WORDS ON BIRDS 

March is a Critical Month for Birds
March 18, 2017
By Steve Grinley


     The weather this time of year is challenging for us but it is especially challenging for the birds. Although many of the robins and bluebirds that we see now have been here all winter, some true spring migrants have come into the area over the past few weeks. Just before this most recent cold snap, flocks of red-winged blackbirds, grackles and cowbirds had been reported from all over the area. Complaints of blackbirds over-taking feeders are already pouring in.

     Another spring migrant, the killdeer, a plover that prefers fields and gravelly areas, started arriving a couple of weeks ago. I heard killdeer calling from the farm across Route 1 from the store and we had several killdeer on Plum Island in the grasses around the Salt Pannes. It is hard to imagine what they might find to eat this past week.

     A few phoebes have shown up in Massachusetts, mostly on the south shore and cape. This member of the flycatcher family hawks flying insects in mid-air for food. Those birds have been hard pressed to find any flying insects this past week.

     It seems to happen every year this way. These early migrants, show up in late February or early March, only to be followed by a snowstorm or other form of extreme weather. This past week of below-zero wind chills must have had its effect on these birds. Why don't they just wait another few weeks before coming to New England? Haven't they learned by now? After all, most of our winter resident birds are still here. The winter ducks are still on the rivers. Tree sparrows, juncos and white-throated sparrows are still foraging for food at our bird feeders.

     As I drive around and see so many empty feeders in people’s yards, I worry for the birds that could be helped with the supplemental food a filled feeder provides. With the extremes in weather that we are experiencing, it is important to fill your feeders and keep suet out for the winter birds and for the returning spring birds as well. Put fruit and mealworms out for the wintering bluebirds and robins, as it will also be appreciated by the resident Carolina wrens and mockingbirds. A heated bird bath with fresh water draws more activity when natural water supplies freezes up, as was the case so often this month.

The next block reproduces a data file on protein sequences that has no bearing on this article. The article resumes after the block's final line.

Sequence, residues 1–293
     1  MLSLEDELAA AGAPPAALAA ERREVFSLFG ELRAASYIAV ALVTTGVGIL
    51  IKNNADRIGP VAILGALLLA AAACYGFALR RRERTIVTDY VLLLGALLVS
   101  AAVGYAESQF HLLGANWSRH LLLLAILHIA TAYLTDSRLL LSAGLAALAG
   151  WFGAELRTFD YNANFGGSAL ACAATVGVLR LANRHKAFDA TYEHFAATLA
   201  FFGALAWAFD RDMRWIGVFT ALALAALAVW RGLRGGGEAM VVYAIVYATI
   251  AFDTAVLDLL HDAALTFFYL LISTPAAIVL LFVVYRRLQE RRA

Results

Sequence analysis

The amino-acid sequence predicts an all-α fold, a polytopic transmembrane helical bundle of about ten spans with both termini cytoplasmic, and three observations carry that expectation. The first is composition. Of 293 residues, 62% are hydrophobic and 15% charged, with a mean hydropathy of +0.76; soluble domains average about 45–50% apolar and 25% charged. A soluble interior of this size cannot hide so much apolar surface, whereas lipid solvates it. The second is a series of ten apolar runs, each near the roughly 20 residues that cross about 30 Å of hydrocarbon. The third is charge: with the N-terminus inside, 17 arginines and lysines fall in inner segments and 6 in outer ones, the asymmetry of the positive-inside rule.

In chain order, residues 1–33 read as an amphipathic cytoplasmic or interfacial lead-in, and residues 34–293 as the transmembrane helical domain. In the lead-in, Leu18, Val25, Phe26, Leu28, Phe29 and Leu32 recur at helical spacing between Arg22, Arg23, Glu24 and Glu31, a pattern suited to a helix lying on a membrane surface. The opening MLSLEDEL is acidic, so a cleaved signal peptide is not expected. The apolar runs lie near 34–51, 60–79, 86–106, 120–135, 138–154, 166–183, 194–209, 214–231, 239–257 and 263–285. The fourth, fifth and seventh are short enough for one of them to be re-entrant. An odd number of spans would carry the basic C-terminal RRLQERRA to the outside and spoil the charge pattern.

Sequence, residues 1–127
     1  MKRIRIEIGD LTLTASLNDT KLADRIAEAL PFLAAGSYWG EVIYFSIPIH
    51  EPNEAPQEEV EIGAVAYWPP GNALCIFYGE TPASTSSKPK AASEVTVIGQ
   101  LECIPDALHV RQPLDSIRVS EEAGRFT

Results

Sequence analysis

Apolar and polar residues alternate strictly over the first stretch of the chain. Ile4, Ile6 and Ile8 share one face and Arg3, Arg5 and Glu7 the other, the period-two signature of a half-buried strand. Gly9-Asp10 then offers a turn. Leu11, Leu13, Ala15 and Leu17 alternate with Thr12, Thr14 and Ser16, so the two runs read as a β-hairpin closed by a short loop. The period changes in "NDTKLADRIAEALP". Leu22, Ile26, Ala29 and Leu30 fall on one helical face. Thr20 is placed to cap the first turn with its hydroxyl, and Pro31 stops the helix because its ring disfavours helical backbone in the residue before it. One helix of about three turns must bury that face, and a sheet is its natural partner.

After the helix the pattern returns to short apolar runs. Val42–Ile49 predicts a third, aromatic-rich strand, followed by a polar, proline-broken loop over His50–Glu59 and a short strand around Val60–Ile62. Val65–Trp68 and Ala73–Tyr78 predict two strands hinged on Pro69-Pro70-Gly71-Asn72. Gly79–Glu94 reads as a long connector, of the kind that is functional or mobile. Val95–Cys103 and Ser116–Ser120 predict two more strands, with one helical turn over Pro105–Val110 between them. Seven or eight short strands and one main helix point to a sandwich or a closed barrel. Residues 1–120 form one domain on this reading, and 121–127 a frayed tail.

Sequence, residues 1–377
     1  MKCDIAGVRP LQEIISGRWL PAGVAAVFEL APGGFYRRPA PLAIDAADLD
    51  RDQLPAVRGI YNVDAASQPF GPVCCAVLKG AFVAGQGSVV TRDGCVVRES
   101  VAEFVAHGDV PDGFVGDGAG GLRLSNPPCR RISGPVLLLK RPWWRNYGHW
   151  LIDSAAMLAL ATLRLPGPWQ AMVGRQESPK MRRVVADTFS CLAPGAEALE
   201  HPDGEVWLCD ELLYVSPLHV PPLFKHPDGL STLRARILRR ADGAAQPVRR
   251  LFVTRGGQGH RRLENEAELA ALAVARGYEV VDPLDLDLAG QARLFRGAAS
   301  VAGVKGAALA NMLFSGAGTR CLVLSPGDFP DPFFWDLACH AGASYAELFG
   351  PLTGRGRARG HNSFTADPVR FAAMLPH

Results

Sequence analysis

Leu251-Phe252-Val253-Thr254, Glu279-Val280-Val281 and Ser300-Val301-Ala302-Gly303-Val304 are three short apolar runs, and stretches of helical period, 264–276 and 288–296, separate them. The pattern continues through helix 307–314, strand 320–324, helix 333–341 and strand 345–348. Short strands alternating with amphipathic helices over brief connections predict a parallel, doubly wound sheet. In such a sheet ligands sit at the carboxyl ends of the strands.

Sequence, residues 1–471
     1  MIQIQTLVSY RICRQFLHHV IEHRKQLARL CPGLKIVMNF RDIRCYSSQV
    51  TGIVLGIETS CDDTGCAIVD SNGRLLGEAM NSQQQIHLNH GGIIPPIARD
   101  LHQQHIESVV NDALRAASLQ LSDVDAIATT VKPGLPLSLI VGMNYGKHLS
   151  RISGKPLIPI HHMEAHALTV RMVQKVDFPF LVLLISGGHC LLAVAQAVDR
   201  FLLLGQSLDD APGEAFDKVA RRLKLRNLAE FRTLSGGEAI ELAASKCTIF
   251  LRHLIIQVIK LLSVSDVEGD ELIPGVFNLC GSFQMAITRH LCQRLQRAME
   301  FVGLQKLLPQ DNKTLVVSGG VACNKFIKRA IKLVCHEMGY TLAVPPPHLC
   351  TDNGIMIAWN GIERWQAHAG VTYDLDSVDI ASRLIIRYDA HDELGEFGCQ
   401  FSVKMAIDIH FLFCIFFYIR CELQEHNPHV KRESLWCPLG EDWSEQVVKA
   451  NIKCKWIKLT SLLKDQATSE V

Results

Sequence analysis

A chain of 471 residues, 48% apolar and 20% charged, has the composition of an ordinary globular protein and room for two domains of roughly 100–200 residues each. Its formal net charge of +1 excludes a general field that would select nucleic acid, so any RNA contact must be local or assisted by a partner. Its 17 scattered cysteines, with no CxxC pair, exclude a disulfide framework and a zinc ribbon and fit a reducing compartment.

In a past National Wildlife Federation's newsletter, George Harrison wrote: "March is the most difficult month of the year for birds to find adequate food to survive winter in most of North America. That's because the supplies of natural food ... last year's seeds, fruits, berries and insect eggs and larvae ... are at their lowest levels after months of birds feeding on them. March is too early for a new crop of seeds, fruits, berries, and insects to be available. Therefore, birds have to work harder to find sufficient food during a month when it is still very wintry in much of the country.

     "That's why March is the best time of the year to feed birds in the backyard. They will respond more readily to feeder foods offered in March than at any other time of the year. Isn't it curious that in fall ... October and November ... when natural foods are most abundant, people take the greatest interest in feeding birds? It is in fall when there are the greatest number of bird seed sales, bird feeding seminars, bird store sales, and start-up backyard bird feeding efforts. By March, the interest in bird feeding has waned, at a time when the birds need it most.

     “Though birds are not dependent on feeders for their survival (studies have shown that birds glean 75 percent of their daily food from the wild, even when feeder foods are available), feeding them in March will make life a little easier for them, and under severe conditions, may even save them from starvation.”

     So please keep those seed and suet feeders full. Help those wintering birds build up their body fat to survive what's left of the cold weather and help enable them to travel north when it is time. It will also help those spring migrants which may stop at your feeders after traveling hundreds or, sometimes, thousands of miles. It will certainly lift your spirits to watch the birds at the feeders during this cold and, often, challenging month of the year.

Steve Grinley
Bird Watcher's Supply & Gift
Route 1 Traffic Circle
194 Route 1
Newburyport, MA 01950
BirdWSG@Comcast.net

978-462-0775
www.birdwatcherssupplyandgift.com

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